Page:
• In step 936, the system sends the tile—be it compressed or uncompressed—together with the compression bits to the L2 cache. In one embodiment, the system may write these compression bits into a cache line of compression bits associated with the memory page in the L2 cache.
  • In the embodiments of the invention described above, the compression method combinations and the frame buffer formats are encoded and stored as page table entries. In alternative embodiments of the invention, the compression method combinations and the frame buffer formats may be encoded and stored as header information associated with an image data buffer.
  • One embodiment of the invention may be implemented as a program product for use with a computer system. The program(s) of the program product define functions of the embodiments (including the methods described herein) and can be contained on a variety of computer-readable storage media. Illustrative computer-readable storage media include, but are not limited to: (i) non-writable storage media (e.g., read-only memory devices within a computer such as CD-ROM disks readable by a CD-ROM drive, flash memory, ROM chips or any type of solid-state non-volatile semiconductor memory) on which information is permanently stored; and (ii) writable storage media (e.g., floppy disks within a diskette drive or hard-disk drive or any type of solid-state random-access semiconductor memory) on which alterable information is stored.
  • The invention has been described above with reference to specific embodiments. Persons skilled in the art, however, will understand that various modifications and changes may be made thereto without departing from the broader spirit and scope of the invention as set forth in the appended claims. The foregoing description and drawings are, accordingly, to be regarded in an illustrative rather than a restrictive sense.

Claims (20)

  1. 1. A compression method using compression method combinations and frame buffer formats for image data, the method comprising:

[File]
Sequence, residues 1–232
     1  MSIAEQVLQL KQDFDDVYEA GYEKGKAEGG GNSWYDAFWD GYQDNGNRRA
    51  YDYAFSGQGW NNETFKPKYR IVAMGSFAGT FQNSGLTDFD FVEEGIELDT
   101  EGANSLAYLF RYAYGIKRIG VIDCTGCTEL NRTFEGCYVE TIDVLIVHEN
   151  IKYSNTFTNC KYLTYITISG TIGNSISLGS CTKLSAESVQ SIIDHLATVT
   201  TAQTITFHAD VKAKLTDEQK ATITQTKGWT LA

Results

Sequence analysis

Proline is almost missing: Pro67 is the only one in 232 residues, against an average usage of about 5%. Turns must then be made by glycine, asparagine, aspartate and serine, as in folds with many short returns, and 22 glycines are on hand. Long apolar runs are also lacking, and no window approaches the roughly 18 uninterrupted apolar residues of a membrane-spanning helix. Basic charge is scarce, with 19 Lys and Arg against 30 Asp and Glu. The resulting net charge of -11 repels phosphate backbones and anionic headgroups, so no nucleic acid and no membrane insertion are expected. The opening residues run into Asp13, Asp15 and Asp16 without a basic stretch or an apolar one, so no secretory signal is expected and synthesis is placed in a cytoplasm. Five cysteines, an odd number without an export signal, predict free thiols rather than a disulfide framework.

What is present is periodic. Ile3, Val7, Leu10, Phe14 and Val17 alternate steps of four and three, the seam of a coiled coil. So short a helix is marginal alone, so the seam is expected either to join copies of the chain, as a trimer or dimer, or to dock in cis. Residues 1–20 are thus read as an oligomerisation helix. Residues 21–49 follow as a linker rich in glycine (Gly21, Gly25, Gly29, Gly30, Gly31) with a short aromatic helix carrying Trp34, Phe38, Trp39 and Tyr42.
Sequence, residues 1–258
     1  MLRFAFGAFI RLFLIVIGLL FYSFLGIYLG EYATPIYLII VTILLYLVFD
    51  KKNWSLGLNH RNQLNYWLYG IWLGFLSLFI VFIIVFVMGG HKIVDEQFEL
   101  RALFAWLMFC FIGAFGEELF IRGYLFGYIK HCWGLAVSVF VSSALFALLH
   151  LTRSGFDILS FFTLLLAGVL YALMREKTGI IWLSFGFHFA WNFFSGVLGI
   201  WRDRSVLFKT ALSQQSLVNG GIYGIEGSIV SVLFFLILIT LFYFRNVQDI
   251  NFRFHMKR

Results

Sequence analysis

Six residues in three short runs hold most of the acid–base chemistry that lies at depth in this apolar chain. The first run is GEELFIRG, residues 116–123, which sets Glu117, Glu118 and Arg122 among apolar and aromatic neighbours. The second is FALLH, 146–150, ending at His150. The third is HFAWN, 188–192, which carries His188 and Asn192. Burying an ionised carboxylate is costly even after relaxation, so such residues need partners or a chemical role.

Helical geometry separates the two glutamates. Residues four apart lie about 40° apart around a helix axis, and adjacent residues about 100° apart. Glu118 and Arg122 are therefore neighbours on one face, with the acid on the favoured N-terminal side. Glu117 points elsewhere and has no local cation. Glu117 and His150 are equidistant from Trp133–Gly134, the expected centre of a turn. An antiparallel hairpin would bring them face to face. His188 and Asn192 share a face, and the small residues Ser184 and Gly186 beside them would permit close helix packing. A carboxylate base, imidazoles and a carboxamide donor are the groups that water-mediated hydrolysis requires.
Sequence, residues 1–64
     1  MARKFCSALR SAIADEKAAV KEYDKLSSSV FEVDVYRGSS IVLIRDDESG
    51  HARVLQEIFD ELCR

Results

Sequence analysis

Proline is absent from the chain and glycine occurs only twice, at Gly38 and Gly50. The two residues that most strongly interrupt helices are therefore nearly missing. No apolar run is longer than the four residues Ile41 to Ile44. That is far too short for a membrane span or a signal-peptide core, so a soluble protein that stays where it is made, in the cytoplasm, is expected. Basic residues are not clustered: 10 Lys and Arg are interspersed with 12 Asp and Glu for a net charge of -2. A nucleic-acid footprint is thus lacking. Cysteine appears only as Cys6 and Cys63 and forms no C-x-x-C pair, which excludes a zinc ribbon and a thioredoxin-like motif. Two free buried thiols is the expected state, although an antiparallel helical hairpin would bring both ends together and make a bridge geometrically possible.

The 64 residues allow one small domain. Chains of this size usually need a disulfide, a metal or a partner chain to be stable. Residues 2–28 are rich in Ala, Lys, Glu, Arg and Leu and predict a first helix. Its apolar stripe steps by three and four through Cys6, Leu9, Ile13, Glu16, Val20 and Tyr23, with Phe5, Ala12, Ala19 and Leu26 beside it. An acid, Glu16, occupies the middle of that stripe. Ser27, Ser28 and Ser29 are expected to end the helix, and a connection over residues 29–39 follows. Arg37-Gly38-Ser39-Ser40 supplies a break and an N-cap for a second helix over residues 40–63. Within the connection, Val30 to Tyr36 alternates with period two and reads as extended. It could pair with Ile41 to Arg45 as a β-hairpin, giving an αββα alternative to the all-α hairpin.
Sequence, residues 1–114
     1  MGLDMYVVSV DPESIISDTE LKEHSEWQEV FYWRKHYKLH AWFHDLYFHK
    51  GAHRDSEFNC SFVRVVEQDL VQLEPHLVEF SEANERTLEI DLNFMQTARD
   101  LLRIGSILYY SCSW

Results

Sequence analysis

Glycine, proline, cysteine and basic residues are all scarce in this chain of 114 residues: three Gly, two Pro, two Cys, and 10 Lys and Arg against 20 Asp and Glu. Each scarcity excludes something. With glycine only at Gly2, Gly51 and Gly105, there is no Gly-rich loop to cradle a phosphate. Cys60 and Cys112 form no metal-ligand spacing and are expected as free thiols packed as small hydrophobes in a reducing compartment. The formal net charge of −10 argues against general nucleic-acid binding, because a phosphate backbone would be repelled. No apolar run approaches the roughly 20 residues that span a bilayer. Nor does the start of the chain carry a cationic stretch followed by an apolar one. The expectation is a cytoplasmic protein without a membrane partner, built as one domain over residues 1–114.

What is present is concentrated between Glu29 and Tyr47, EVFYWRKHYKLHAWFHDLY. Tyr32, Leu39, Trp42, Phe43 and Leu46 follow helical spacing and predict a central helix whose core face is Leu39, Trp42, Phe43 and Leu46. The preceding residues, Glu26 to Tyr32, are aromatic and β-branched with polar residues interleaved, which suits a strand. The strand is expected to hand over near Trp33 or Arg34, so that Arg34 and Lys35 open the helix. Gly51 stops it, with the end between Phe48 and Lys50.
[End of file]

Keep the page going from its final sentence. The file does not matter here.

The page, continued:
receiving the image data for a tile, and data specifying a compression method combination and a frame buffer format;
    applying the compression method combination using the frame buffer format to the image data; and
    writing the compressed image data for the tile.
  2. 2. The method of claim 1, further comprising:
    decoding the data specifying the compression method combination and the frame buffer format.
  3. 3. The method of claim 2, wherein the compression method combination and the frame buffer format are encoded as a page table entry corresponding to a page in a frame buffer and the data specifying the compression method combination and the frame buffer format is retrieved from the page table entry.
  4. 4. The method of claim 3, wherein the step of applying the compression method combination using the frame buffer format to the image data comprises:
    determining a number of compression bits that are needed to encode a compression method;
    applying each compression method from the compression method combination to the image data;
    encoding in the compression bits the method that succeeded in compressing the image data; and
    associating the compression bits with the image data.
  5. 5. The method of claim 4, wherein the step of encoding the method in the compression bits comprises:
    representing each method in the method combination with a compression bit state that comprises the number of compression bits; and
    encoding the bit state into the compression bits associated with the image data.
  6. 6. The method of claim 5, wherein the step of representing each method in the method combination with a compression bit state comprises:
    determining if the method involves partial coverage layers; and